I received a call from a friend of mine. His name is Andrew and he wanted some advice on starting his own small business.
Andrew has been a mechanic for 12 years, working for a national automobile repair chain. He is at the top of his trade, totally certified, and updated on all new areas of the automobile industry.
He has also worked in customer service, along with a short stint in sales. But that is about as far as it goes. He had no experience in business management. Nor had he any knowledge as an entrepreneur.
I invited Andrew out for a coffee so we could make a plan for his potential entry into the small business arena.
It would have been easy for me to simply give him a list of things to do, but I felt strongly that he needed to do the work himself.
At the end of this meeting, Andrew left with the understanding that knowing why many small businesses fail, would be the perfect place to start. So Andrew had a project to work on for our next session.
We met two weeks later and I was pleased with the results. Andrew had really done his homework.
His project reflected all the hard work and time that he had invested.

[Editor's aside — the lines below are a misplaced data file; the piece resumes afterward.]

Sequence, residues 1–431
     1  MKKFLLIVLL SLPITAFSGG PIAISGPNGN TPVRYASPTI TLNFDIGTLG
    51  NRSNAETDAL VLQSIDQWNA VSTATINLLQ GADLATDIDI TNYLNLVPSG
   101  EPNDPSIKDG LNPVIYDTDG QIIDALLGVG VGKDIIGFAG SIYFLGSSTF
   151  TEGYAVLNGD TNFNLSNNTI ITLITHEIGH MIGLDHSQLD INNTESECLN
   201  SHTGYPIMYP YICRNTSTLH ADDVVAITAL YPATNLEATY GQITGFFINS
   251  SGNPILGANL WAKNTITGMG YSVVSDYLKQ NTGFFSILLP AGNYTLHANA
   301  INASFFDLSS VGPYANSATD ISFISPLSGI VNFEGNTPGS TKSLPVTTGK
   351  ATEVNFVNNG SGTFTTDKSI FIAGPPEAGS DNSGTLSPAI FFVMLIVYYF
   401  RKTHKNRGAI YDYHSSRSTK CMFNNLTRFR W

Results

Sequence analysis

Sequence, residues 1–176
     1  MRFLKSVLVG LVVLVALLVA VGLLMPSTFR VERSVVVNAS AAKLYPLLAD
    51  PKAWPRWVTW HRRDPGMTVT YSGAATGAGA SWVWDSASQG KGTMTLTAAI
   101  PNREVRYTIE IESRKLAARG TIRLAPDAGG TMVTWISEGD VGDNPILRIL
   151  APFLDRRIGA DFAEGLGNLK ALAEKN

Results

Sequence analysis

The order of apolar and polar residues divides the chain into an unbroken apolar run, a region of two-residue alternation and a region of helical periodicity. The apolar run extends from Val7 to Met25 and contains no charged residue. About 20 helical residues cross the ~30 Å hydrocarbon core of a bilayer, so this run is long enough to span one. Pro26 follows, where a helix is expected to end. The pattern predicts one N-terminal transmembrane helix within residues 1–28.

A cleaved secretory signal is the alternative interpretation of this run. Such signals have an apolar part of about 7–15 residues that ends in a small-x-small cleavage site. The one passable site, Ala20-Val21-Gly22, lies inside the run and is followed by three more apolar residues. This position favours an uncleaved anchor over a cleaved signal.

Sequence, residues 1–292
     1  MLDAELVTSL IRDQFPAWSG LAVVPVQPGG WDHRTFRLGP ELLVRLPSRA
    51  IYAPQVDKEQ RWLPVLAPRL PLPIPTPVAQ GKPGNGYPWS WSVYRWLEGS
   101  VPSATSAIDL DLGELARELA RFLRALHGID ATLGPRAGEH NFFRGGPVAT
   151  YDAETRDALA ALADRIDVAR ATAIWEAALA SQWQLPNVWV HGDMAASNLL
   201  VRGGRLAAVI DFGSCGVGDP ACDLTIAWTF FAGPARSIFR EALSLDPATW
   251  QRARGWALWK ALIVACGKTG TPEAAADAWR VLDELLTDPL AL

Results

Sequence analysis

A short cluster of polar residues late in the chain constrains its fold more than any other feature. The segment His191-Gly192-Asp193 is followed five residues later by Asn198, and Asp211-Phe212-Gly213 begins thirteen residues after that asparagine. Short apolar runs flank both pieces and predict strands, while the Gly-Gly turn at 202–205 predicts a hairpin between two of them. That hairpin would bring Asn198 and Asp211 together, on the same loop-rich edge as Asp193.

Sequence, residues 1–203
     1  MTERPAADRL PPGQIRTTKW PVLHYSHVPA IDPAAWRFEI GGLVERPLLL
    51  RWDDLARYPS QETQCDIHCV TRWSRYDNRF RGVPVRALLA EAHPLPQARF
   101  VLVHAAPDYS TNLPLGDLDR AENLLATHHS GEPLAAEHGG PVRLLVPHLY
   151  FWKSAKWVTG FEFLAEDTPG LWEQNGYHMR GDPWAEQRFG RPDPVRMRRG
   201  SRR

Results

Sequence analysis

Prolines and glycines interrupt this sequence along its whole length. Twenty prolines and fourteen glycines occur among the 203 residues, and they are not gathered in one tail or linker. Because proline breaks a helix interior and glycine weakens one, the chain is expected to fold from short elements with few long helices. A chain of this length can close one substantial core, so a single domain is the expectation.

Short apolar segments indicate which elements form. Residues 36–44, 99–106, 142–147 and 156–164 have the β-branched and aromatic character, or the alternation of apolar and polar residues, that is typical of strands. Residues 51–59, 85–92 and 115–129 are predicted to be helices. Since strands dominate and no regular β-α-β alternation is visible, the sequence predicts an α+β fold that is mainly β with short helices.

His analysis covered every failure reason from personal burnout to poor cash flow. In fact, if I remember correctly, he had a list of at least 20 valid reasons why many entrepreneurs fail.
That meeting seemed to last forever. We delved into his project and identified some areas that Andrew needed to become confident in before he moved on.
As Andrew and I finished the session, he had created an action plan geared specifically to these issues, and where he could get help.
We met several more times over the next month or so, and I can happily report that Andrew now owns his own automobile repair center, and is well on his way to becoming a successful small business owner.
The truth is that you can also do what Andrew has done. It just takes some research and planning.
My advice to all budding entrepreneurs is, to firstly understand why so many businesses fail, and secondly, engage with people who can teach you what you don’t know… before you jump into the small business arena.
I am sure there are business coaches available in your area, possibly even government sponsored. My advice is to make sure they have experience in running a successful business and have been there themselves.
A great area of support is the Self-Employed Business Academy where there is a community of members who run their own business, and who want to help each other, with no other agendas.
Click on the link below to find out more.
Anyway, the moral of Andrew’s journey is…..
Identify what you don’t know and then take the steps to find out – before you invest your time and money. And check out the $1 trial for the Self-Employed Business Academy. You will find a lot of the information right there in the one place.
“I started my own business in 1995. The Self Employed Business Academy gets it. Clear, concise, and actionable information. You may be in business for yourself, but with the self Employed Business Academy at your fingertips, you won't be by yourself"
Ed Carey, AMG, LLC